Last January, I came across a column in the New York Times by David Brooks which resonated for me. This particular column was titled “The Art of Presence.” It reflects on the thoughts and feelings of a family that had undergone an awful double trauma involving two daughters in their 20’s. Eventually, the family posted a blog about where, when, and how they got help and sustenance from others. Their tragedies were of a different magnitude compared to my issues, but I thought there were some common themes that made sense to me. The family made pointed suggestions about how to help those of us in need, those of us who have undergone a trauma or suffered a serious illness.

1) “Do be there. Some people think that those who experienced trauma or illness need space to sort through things. Assume the opposite. Most people need presence.” I recently attended a lecture as part of the TSS continuing ed series by Dr. Ira Byock who is a physician specializing in palliative care at the Dartmouth–Hitchcock Medical Center. Dr. Byock commented that we human beings are “hard-wired” to relate and communicate with each other. Therefore, be present; be supportive. Absence comes across as indifference.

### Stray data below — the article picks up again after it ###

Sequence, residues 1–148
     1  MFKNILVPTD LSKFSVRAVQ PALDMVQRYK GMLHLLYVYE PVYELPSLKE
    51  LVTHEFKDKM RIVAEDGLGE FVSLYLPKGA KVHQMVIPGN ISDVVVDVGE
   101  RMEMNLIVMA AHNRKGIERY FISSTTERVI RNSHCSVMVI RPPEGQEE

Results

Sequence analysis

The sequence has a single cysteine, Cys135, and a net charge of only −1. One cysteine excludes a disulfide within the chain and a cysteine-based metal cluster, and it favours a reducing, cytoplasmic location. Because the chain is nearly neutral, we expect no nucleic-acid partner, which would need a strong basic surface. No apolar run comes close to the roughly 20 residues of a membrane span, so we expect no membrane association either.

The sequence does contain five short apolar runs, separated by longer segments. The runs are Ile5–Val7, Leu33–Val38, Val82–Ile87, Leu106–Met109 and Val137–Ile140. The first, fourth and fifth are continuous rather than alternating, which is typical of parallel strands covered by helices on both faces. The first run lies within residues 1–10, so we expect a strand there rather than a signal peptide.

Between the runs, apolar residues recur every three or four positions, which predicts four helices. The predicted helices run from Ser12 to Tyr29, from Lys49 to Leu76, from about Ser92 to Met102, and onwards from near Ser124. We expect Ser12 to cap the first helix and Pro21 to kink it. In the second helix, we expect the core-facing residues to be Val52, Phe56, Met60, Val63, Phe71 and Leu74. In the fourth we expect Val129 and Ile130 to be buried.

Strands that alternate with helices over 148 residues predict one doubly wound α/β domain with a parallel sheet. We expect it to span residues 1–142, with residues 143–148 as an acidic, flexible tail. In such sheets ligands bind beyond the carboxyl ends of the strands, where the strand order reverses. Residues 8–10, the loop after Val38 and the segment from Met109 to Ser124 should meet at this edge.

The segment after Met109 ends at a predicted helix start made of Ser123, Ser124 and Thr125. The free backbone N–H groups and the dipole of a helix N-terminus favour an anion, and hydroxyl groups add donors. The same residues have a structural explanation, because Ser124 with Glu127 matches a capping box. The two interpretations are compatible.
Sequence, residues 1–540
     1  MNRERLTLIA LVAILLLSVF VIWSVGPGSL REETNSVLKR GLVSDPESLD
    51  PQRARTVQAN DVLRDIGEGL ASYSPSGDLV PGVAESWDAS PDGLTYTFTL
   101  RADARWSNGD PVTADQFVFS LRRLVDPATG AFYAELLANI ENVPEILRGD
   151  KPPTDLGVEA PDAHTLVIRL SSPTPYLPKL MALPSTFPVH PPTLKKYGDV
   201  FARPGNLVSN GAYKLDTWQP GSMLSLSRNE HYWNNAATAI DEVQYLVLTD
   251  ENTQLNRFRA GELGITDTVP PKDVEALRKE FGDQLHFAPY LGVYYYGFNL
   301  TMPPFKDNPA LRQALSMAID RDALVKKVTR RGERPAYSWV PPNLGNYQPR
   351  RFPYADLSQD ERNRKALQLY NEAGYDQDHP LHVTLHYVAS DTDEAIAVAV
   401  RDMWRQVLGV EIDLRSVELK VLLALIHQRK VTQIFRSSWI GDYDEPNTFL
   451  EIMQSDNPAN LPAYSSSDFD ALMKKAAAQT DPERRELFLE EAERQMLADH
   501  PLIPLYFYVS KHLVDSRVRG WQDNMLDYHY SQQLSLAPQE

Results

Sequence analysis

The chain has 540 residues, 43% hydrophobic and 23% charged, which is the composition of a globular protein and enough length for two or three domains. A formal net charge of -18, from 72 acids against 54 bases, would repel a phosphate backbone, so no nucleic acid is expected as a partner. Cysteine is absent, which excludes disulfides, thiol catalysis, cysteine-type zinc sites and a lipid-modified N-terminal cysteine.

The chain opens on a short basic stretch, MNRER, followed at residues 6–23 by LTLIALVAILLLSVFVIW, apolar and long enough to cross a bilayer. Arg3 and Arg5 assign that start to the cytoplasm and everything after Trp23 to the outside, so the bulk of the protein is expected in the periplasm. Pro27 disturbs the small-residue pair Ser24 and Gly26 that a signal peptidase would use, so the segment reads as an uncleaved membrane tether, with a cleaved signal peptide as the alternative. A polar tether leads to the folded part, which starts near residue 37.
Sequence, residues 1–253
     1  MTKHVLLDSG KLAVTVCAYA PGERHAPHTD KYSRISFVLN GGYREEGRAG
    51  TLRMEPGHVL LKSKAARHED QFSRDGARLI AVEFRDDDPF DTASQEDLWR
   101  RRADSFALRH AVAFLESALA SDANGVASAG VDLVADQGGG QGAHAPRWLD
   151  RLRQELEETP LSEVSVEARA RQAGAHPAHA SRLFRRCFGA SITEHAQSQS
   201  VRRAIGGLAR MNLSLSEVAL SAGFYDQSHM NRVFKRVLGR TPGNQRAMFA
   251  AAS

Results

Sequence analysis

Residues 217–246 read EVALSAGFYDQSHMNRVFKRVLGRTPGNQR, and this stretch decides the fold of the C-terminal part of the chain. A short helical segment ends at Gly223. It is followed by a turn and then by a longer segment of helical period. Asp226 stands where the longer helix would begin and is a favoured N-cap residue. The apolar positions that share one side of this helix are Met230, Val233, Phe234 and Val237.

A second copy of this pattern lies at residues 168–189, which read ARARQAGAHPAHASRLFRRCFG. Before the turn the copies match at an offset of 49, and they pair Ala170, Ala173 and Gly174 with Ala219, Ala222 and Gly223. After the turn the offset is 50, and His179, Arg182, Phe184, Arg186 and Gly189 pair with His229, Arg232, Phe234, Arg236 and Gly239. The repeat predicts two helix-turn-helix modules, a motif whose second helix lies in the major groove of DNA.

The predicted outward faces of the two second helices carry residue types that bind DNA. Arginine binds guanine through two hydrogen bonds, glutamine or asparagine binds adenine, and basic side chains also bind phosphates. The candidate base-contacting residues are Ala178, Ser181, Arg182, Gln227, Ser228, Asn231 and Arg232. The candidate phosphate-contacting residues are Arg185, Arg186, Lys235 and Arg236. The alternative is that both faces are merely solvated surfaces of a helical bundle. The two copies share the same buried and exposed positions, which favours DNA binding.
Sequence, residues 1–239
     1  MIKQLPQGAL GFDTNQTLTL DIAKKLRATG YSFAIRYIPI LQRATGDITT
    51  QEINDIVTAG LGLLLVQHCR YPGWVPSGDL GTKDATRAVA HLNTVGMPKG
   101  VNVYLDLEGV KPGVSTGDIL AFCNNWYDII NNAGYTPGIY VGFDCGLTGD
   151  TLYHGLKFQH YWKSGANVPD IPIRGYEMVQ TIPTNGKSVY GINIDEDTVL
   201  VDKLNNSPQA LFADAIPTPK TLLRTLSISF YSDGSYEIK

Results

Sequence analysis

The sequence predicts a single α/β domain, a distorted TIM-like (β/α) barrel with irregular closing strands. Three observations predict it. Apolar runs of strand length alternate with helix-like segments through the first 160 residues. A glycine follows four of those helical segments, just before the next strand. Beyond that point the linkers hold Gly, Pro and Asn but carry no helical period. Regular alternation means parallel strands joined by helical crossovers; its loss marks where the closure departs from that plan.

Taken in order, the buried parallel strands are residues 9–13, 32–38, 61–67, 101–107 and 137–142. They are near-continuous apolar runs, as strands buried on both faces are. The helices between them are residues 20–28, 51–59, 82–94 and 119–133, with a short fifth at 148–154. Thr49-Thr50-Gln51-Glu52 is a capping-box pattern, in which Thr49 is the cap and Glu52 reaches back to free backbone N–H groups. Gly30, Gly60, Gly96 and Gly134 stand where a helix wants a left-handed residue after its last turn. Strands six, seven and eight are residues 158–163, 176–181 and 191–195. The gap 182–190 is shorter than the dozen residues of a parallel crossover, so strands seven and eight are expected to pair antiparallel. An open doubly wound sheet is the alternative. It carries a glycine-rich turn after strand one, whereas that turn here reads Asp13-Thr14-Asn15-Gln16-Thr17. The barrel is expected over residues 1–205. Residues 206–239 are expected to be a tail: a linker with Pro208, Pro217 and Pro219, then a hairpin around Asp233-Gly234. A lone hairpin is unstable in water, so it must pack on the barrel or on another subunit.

2). “Don’t compare, ever.” Don’t say, “I understand what you’re going through.” “Even if the comparison seems germane, don’t make it. Each trauma and illness should be respected in its uniqueness. Comparisons can sting as clueless, careless, or just plain false.”

3) Do bring chicken soup. The nonverbal expressions and gestures of caring and support can be very meaningful and lasting. Those of us who have been helped by our TSS Mitzvah Corp can attest to this.

4) Do not say “you’ll get over it” or provide false hopes or “unfounded optimism.” I personally was told “you have great doctors”; “you’ve certainly done everything you can to help yourself”; “sounds like you’re getting better.” These comments come across as trite and dismissive of the illness, the trauma. They can be hurtful.